"We have been diligently following up this request with them for almost a month already, but the DENR has yet to respond. The DENR's repeated snubbing of such a valid and well-intentioned probe seems to be a delaying tactic against concerned environmental organizations who want to independently look into the validity of Lafayette's application for a Permanent Lifting Order as soon as possible," Quimpo said.

CEC-Phils is a non-stock, non-profit non-government organization offering research, education and advocacy assistance to grassroots communities. Sagip Isla, Sagip Kapwa, Inc. a community based organization in Rapurapu island, is one of the CEC's community partners which has been affected by Lafayette's mining operations.

Reference: Frances Quimpo
Center for Environmental Concerns-Philippines, Inc. (CEC)
No.25 Matulungin St., Bgy. Central
Quezon City,
Philippines 1100
TelefaxNo. +632-9209099,+632-9248756

Strike three: Environmental activists assail DENR's extention of Lafayette test runs as gov't cover-up

Defend Partrimony Press Release

9th November 2006

Environmental organizations united under the DEFEND PATRIMONY alliance today expressed "vehement objections to the triple extension of Lafayette Mining Ltd's month-long test runs in Rapu-Rapu Island, Albay", saying that the allotted period "of 90 days or three months was more than enough for the Department of Natural Resources and Environment (DENR) and the Pollution Adjudication Board (PAB) to ascertain whether Lafayette should be allowed to continue with its operations or not".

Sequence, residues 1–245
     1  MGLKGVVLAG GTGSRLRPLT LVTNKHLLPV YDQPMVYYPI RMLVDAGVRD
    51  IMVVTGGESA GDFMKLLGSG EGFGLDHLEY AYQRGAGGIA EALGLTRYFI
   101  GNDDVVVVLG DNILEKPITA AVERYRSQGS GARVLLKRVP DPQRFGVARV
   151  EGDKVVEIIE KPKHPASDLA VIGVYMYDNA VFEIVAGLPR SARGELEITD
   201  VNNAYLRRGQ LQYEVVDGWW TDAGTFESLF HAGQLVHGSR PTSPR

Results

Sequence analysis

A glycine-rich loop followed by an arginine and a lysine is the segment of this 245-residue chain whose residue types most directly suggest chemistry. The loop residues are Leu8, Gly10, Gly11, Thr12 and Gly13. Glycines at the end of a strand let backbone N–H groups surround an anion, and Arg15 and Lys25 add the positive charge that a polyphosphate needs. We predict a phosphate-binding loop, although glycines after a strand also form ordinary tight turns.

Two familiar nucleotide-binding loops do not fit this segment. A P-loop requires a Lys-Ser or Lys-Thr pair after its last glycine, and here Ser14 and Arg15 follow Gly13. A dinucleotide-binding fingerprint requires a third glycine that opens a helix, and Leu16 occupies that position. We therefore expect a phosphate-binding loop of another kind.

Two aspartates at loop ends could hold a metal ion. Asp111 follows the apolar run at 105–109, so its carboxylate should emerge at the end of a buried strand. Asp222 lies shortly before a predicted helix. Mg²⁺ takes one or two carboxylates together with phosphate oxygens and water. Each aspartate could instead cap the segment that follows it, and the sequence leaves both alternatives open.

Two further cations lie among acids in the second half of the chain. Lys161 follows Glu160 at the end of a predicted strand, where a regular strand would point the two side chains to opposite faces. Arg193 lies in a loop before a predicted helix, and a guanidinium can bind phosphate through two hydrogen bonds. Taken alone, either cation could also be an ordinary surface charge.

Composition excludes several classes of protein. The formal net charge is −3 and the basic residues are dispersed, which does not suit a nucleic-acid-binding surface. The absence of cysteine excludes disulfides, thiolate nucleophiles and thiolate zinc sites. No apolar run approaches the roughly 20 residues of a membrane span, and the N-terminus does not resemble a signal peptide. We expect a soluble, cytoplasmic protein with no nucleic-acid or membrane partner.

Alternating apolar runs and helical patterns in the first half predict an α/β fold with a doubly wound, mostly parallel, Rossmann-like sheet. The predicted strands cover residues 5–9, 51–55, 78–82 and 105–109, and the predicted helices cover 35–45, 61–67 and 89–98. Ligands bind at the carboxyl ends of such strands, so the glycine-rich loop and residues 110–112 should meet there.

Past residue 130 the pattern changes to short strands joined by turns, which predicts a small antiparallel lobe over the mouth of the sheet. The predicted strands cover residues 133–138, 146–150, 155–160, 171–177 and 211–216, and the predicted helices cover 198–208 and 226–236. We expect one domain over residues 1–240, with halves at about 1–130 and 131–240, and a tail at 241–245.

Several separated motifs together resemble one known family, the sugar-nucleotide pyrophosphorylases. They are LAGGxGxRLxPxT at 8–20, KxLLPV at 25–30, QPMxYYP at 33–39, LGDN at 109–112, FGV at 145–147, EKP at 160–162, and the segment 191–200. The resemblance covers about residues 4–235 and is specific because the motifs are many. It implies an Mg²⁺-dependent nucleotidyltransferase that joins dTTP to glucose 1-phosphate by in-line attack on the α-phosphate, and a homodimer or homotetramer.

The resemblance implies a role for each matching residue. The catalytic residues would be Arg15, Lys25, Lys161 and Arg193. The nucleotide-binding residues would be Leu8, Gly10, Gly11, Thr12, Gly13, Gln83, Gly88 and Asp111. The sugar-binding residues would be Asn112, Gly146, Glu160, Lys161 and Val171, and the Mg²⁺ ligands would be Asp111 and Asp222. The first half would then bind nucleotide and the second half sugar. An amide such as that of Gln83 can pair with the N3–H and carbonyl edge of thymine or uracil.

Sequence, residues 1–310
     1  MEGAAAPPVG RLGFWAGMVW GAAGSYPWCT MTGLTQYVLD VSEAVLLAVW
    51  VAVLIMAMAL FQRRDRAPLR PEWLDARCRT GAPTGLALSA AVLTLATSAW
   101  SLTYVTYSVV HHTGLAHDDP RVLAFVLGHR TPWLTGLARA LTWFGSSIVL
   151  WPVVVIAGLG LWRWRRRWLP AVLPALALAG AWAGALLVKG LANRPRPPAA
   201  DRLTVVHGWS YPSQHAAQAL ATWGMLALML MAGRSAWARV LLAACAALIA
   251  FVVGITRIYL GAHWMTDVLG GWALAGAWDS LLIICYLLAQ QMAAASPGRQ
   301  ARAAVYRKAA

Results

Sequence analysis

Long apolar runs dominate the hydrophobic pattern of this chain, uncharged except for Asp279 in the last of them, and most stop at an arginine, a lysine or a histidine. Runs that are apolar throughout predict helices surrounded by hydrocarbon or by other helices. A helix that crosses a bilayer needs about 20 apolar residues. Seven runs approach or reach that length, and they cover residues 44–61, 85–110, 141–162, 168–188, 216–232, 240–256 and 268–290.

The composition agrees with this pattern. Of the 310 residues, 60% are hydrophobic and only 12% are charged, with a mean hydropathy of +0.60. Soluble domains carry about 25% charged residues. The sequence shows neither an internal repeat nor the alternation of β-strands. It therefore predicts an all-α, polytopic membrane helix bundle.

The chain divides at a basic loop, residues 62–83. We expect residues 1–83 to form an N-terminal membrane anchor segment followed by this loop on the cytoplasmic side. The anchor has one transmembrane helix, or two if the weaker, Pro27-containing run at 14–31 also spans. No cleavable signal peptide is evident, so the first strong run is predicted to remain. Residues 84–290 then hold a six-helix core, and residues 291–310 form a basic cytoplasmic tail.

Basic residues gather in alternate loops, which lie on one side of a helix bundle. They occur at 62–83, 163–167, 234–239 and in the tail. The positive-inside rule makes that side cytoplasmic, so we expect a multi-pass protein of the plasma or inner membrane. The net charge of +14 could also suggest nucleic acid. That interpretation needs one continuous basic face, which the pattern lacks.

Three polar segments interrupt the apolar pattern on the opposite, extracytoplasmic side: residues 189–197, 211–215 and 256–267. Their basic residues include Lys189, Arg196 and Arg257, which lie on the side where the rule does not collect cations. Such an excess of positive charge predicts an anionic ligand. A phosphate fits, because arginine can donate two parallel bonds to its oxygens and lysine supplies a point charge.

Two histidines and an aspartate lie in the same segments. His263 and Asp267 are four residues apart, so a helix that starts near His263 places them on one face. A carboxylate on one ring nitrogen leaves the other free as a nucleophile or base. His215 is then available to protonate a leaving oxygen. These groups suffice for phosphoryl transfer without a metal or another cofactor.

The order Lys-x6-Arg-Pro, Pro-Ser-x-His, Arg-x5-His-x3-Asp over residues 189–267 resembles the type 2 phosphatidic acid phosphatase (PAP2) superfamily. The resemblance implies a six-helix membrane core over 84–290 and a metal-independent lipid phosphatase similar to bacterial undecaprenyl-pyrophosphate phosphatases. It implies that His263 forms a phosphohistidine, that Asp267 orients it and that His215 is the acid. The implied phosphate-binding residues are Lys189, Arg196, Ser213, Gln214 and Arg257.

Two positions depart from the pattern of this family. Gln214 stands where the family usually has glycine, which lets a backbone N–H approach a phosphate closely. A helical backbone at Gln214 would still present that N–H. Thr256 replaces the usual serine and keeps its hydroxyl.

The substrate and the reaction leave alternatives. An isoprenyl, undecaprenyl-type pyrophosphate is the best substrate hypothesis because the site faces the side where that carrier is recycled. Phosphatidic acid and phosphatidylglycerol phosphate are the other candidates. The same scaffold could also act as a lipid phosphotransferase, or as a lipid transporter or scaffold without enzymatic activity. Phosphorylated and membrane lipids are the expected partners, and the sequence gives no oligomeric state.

"This is already strike three for Lafayette. This third extension only indicates that Lafayette Mining Ltd. lacks the capacity to implement environmentally-sustainable mining operations in the small island ecosystem of Rapu-Rapu," DEFEND PATRIMONY Spokesperson Trixie Concepcion said. Concepcion also expressed doubts that the basis for extension was valid.

"Lafayette said that the third TLO was granted because Typhoon Milenyo halted their plant operations for some time. This contradicts Lafayette's earlier claims printed in the Mining Journal Online and in previous reports that typhoon Milenyo caused "no damage to the (Lafayette) plant and only some superficial damage to the accommodation" and that Lafayette was "back up and running again…towards full production," she said.

"The DENR has been handling Lafayette Ltd. with kid gloves and has been giving it the red-carpet treatment before and after the two devastating cyanide mine spills. It is making a mockery out of its mandate by snubbing the RRFM's recommendations and has approved two test runs of 30 then 60 days prior to this to give Lafayette all the leeway to prove that it can qualify for the PLO. This third extension practically defeats the DENR's rationale for setting up a defined time-frame of 30 and 60 days where Lafayette's compliance with environmental, social, and technical requirements should be met," Concepcion said.